Also, make sure that you make your friends and family aware that this is something politicians have put into legislation, so it’s something they can take out of legislation! In addition, you can help by just by challenging the commercialisation of education, some universities are bringing in external coffee shops from corporations into their campus rather than using their own independent shops, where profits would go straight to the accounts of the corporations, many of which are not necessarily in the UK. We need to challenge the commodification of universities through supporting independent university shops and cafes, where your money is going back into the university to help you.”

Now that Labour has moved to the left, what does the Green Party still have that is unique?

“The fact that a political party can completely change with its leadership is something that doesn’t reflect Green values, our party remains consistent. We have the conviction on our environmental policies and social justice, which give us a clear ambition on how to tackle the issues of climate change, its about tying the two together. Like our work by councillors in Kirklees, where members of the community experience fuel poverty, the community had to choose between heating their homes or putting food on the table; so the councillors put in solar panels to tackle the two issues at the same time.

As well as the tying of environmental and social justice, we are very clear on our position on nuclear weapons, our position on HS2, our position on fracking, there are so many individual green issues where we go above and beyond what is being said by the Labour Party.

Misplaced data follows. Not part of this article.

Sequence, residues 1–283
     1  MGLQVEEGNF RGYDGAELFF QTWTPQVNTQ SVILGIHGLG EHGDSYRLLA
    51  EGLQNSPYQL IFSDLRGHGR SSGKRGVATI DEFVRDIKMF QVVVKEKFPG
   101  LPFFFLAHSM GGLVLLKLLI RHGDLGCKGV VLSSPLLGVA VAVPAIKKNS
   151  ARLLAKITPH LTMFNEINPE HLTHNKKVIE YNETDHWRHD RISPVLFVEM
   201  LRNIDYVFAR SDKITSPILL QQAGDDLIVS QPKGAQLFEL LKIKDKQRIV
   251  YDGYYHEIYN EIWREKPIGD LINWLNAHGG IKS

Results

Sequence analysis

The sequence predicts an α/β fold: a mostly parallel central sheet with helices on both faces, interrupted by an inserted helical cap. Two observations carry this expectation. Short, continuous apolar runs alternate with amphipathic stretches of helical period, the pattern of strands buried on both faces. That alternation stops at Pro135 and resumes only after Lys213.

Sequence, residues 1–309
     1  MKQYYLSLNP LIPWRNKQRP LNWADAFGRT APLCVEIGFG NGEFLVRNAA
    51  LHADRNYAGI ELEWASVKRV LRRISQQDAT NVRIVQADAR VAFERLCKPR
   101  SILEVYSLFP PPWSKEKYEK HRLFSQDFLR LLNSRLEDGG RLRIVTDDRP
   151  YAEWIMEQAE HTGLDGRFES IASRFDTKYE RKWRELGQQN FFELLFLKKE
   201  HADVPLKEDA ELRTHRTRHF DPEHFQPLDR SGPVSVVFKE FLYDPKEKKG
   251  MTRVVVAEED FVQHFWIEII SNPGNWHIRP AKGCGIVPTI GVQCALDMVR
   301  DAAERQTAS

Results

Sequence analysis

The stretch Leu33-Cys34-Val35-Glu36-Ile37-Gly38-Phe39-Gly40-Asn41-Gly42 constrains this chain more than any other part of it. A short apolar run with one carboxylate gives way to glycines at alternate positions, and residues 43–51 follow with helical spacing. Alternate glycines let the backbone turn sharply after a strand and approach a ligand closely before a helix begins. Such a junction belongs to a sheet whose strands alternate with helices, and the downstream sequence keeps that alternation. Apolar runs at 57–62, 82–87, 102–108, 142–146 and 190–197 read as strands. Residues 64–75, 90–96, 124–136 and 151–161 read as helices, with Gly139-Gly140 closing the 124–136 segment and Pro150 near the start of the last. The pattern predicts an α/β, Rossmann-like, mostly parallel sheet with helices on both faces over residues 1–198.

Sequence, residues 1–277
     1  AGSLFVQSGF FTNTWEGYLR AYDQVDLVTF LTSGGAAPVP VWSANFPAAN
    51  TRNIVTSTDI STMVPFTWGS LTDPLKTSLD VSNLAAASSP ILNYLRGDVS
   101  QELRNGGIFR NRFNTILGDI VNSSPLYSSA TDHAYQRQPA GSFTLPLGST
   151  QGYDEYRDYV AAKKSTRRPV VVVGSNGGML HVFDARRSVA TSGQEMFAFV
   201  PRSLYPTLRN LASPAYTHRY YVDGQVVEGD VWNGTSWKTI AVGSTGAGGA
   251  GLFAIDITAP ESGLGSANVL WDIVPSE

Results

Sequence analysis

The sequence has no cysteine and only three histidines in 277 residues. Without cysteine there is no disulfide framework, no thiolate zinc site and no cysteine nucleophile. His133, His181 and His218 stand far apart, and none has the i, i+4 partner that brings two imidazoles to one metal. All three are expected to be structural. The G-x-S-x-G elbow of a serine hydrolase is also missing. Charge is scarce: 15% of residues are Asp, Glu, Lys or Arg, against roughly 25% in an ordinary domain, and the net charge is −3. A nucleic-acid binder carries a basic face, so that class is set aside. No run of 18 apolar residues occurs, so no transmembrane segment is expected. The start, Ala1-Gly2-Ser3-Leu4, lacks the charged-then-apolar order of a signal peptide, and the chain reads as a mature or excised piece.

Who are you politically most inspired by, past or present?

“That’s a tough one because there’s been so many incredible campaigners. People like Rosa Parks, I feel like lots of people forget, by her sitting on the wrong seat of the bus, that was an organised act of campaigning and breaking the rules in that way to make such a strong political statement showed the simplicity of the act and how it completely changed the rights of black people in America.

Also, I hate to say it because it sounds so cheesy, but Caroline Lucas is such an inspiration to everyone. I hear people from all political parties say she is almost like the peoples’ MP, people have so much faith in her. She has such a strong moral conviction in Parliament and I’ve met very few people who have not been inspired by her and how she stands up for what’s right on every single occasion.”

And finally, as a previous member of the Young Greens yourself, how do you think students can get into politics?

“It’s really important that politics is a part of our everyday lives. Politics isn’t just about voting every time there’s an election, it’s about getting involved in campaigns, signing petitions, going to demonstrations. Getting involved is easy through joining a young [political] group or getting involved with your local political party. There’s real opportunity to develop your skills and knowledge, you could be helping with campaigns or organising social nights. But remember the only party to get involved with, is one that you truly believe in.”